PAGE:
But those averages obscure big problems. Many groups are benefiting unevenly, or not at all, from college degrees. “The extent of the returns depended on several demographic characteristics—most notably, when people were born and their races or ethnicities,” the Federal Reserve Bank of St. Louis reported earlier this year. “In particular, the financial benefits one can expect from a college degree appear to be lower among people born in the 1980s, and they remain unequal across racial and ethnic groups.”

Many households and employers no longer seem to think that college is ‘worth it.’

Worse, millions of students took out loans but never earned a degree. High college dropout rates continue. And many households and employers no longer seem to think that college is “worth it.” Companies including Google, Apple and IBM have dropped the requirement that job applicants have college degrees: They no longer think that a degree is automatically needed to succeed.

Where do we go from here?

Members of both parties acknowledge that the system is broken, but they have offered very different sorts of fixes. Some Democrats endorse the idea of free college, or at least a system in which the government directly subsidizes public colleges. Sen. Elizabeth Warren (D., Mass.), as part of her campaign for her party’s presidential nomination, has called for canceling up to $640 billion in student debt. She and Sen. Bernie Sanders (I., Vt.), who is also running for president, have endorsed tuition-free college.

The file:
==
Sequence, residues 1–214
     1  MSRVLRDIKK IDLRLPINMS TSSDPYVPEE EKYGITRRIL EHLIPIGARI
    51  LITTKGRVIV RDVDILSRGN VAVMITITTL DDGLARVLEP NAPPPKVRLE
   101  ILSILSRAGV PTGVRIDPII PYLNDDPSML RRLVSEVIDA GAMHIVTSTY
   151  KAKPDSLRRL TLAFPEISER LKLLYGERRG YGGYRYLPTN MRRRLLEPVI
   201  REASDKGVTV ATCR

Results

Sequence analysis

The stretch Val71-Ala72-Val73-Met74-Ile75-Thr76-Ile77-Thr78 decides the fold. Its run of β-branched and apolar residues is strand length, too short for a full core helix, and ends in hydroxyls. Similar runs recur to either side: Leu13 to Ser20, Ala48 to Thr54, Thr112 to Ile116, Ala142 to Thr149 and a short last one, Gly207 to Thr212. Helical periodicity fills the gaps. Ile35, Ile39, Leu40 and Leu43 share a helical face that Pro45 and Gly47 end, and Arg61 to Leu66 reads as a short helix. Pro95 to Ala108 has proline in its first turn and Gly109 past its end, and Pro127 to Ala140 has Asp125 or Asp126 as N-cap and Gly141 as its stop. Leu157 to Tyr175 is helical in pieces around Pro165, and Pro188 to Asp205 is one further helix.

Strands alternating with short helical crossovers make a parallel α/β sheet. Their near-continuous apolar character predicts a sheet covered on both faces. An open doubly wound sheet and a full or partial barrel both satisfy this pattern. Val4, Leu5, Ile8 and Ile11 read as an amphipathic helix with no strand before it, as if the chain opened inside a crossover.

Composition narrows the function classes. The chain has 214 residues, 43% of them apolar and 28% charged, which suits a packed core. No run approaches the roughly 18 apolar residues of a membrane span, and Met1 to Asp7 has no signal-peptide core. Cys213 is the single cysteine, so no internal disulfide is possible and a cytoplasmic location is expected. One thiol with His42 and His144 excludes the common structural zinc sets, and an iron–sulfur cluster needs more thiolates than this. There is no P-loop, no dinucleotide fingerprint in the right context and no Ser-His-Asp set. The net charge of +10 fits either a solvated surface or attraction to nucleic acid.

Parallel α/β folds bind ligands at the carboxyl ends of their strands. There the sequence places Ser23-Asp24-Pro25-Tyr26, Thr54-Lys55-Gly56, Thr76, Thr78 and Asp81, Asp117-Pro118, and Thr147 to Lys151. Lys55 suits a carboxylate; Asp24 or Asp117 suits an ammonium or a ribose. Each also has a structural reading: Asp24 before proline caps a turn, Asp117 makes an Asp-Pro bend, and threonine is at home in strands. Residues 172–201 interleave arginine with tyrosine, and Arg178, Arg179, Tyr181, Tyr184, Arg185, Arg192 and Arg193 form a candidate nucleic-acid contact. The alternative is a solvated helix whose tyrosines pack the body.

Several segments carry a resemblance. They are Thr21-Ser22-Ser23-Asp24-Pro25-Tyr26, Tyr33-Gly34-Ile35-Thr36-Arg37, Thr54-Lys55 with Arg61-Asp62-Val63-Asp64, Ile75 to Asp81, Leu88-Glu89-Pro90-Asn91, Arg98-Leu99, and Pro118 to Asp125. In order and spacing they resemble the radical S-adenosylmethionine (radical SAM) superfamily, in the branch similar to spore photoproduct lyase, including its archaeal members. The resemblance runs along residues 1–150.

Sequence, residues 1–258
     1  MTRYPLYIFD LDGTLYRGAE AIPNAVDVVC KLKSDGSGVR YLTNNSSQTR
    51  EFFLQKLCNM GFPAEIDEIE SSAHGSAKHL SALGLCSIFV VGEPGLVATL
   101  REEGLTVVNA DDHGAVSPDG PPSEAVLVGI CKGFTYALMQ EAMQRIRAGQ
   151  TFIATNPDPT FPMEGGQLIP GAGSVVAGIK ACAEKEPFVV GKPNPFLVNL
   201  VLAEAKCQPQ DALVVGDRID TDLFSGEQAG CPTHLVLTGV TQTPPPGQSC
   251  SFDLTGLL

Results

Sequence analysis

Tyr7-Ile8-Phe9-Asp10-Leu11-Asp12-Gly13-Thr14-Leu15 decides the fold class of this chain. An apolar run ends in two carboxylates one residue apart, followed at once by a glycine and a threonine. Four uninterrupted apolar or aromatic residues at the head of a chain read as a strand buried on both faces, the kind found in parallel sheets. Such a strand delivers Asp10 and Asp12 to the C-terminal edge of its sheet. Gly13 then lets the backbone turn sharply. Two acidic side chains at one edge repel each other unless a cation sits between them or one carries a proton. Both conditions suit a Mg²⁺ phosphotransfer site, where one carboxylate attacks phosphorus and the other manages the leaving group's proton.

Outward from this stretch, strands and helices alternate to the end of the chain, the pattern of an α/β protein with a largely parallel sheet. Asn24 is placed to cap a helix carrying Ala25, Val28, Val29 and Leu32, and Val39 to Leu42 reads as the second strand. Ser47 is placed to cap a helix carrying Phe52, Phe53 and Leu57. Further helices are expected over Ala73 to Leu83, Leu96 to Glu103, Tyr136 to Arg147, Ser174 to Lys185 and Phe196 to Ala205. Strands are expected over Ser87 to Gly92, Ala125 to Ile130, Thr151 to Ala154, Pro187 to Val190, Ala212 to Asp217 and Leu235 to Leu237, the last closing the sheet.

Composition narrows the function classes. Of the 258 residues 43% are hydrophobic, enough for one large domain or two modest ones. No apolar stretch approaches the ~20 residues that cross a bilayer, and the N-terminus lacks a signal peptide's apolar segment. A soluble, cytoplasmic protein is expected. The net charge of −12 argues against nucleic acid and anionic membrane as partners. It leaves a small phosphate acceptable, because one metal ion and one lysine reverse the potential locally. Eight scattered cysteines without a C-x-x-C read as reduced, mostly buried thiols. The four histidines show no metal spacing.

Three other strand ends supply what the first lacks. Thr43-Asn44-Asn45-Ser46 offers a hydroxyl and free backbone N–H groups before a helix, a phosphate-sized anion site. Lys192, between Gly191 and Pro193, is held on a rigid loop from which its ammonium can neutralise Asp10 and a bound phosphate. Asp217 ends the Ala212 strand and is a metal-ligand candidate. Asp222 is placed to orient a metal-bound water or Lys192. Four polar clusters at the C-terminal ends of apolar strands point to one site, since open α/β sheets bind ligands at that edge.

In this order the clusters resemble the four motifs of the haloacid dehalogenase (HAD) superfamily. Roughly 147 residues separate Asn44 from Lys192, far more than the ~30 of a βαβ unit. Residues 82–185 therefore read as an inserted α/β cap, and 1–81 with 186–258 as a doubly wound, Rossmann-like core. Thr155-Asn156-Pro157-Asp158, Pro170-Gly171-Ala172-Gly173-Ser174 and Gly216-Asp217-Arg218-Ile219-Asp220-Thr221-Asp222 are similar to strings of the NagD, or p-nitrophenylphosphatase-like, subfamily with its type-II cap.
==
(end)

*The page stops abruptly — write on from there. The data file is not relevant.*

Meanwhile, Republicans have favored a system that would shift student-loan financing to the private sector. Under its president Mitch Daniels, the former Indiana governor, Purdue University has tested a plan for income share agreements, in which students receive funding from investors to cover tuition in exchange for a share of their income for a period of time after graduation.

Each approach has its benefits and risks. Free college would relieve financial burdens on students and households, likely boosting enrollment and, perhaps, graduation rates. Surveys show that resistance to college costs are a big reason why students either don’t go to college or drop out early. But such a plan might well bring new problems. Schools would become subject to even more political control, potentially undermining the quality of the educational experience. Costs could continue to rise and strain government budgets. And without other reforms, low graduation rates could persist.

Income share agreements could lower costs and improve outcomes by tying loan amounts to objective judgments of how much the student is likely to earn from her degree. Educational quality could also benefit: Investors would presumably advance students money only for schools that were doing a decent job of teaching them. The risks are that some borrowers could end up paying far more under such a scheme than the current plan and that investors might not lend to students they consider too risky.

In any case, these changes would only apply to prospective students. They wouldn’t do anything to help people currently struggling under the burden of student debt. In February, I asked Rivlin what she thought about the system she helped to create 50 years ago. Her response: “We unleashed a monster.”

Write to Joshua Mitchell at

Appeared in the June 8, 2019, print edition as 'The Long Road To the Student Debt Crisis Where Student Loans Went Wrong.'